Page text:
Who Did Comedy Legend Carol Burnett Play On Classic Soap All My Children?

Carol Burnett's career stretches all the way back to 1956, when TV was just hitting its stride. Since that time, the actor's enjoyed a lengthy career in TV and film. She hosted and acted in comedic sketches on "The Carol Burnett Show" during the 1960s and 1970s. Then, in 1982, Burnett delighted audiences with her on-screen performance as Miss Hannigan in "Annie." 

A year later, Burnett branched out into daytime TV with a recurring role on "All My Children." Agnes Nixon, the show's creator, writer, and producer, contacted Burnett and offered to write a character specifically for her. The comedy icon jumped at the chance. "I flew back to New York and they had a whole story line for me. I was on it for two weeks," Burnett recalled to Vulture. The actor's bespoke role was Verla Grubbs, a character who visits the fictional town of Pine Valley after discovering the identity of her father. Verla's estranged dad is former con man Langley Wallingford (Louis Edmonds), a longstanding character who was on the show from 1979 – 1995.

Burnett's first Verla episode also featured an uncredited cameo appearance of acting legend Elizabeth Taylor  as a cleaning woman who's a bit of a loose cannon, or, as Verla describes her in the episode, "I think that woman's pilot light is out." Burnett was apparently unaware Taylor was going to be on the show, so her astonishment during the scene is genuine. 

As played by Carol Burnett, Verla Grubbs celebrated key anniversaries on All My Children

Although Verla Grubbs, Carol Burnett's "All My Children" character, doesn't stay in the show's Pine Valley long, her 1983 appearance did leave room for the character's return. Burnett went on to resume the role in 1995 to celebrate the soap's 25th anniversary. This time Verla was part of a dramatic scene in which she was accused by Phoebe Wallingford (Ruth Warrick) of having an affair with her husband, Langley. Finally, Langley (Louis Edmonds) admits that Verla is his daughter — a secret he's been keeping over a decade. 

In 2005, Burnett returned for the 35th anniversary, and had a hilariously awkward encounter in a hospital where she shares her backstory with character Bianca Montgomery (Christina Bennett Lind). Finally, in 2011, Burnett made two final appearances as Verla Grubbs, weeks before "All My Children" ended its 41-year-run on September 23, 2011. In one scene, Verla finally meets Susan Lucci's iconic character Erica Kane, and the two women quickly dislike each other.  Later, Verla crashes a high school reunion and tries to rekindle a former romance with Sam Brady (Jason Kincaid).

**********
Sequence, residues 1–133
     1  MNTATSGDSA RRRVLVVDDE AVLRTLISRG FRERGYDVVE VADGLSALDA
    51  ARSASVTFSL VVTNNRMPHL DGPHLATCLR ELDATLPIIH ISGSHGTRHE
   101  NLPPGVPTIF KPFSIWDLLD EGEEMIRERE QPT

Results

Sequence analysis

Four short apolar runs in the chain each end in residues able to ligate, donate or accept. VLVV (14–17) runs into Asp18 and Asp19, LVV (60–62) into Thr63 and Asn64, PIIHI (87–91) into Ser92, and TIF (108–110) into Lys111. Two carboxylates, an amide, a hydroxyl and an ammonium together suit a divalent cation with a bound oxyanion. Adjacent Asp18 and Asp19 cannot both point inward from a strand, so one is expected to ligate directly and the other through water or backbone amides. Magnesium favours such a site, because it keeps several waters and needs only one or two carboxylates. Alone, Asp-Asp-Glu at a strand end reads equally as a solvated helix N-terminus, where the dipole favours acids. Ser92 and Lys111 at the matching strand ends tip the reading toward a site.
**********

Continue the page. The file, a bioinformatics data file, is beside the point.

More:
Reminiscing about her time on "All My Children," Burnett informed Vulture, "Soap operas are the hardest work, because, oh my God, you get 19 pages at night, you have to study the lines, and then you go do it in the morning. I really admire soap-opera actors, how they pull it off."

Carol Burnett was a huge fan of All My Children

Before she was a guest actor on "All My Children," Carol Burnett was a fan of the show. "I used to watch that religiously," the comedy said on "Conan" in 2016. After her three daughters got her interested in the soap, Burnett became a devoted viewer. She'd often schedule her lunch break so she could watch it. Burnett would also discuss the show with studio audiences, and ask them to fill her in on the story if she missed an episode. 

Burnett was so enthusiastic about "All My Children" that she went to great lengths to stay informed when she was on a long summer vacation in Europe. The actor recruited a friend to send her a telegram chronicling the soap's plot points each week. While Burnett and her family were in Italy, one of these telegrams gave the hotel manager quite a shock. The manager woke Burnett up in the middle of the night to give her the message, which included startling news like "Erica hasn't come out of her coma yet," (referring to Susan Lucci's character) and "Mona is on trial for murder." When the comedic actor burst out laughing at the situation, the manager mistakenly thought she was crying. Finally, Burnett's husband (who was likely annoyed at being awakened at 2 a.m.) clarified the situation. As Burnett reminisced to Conan O'Brien, "My husband said, 'Oh for God's sake, it's a soap opera!'"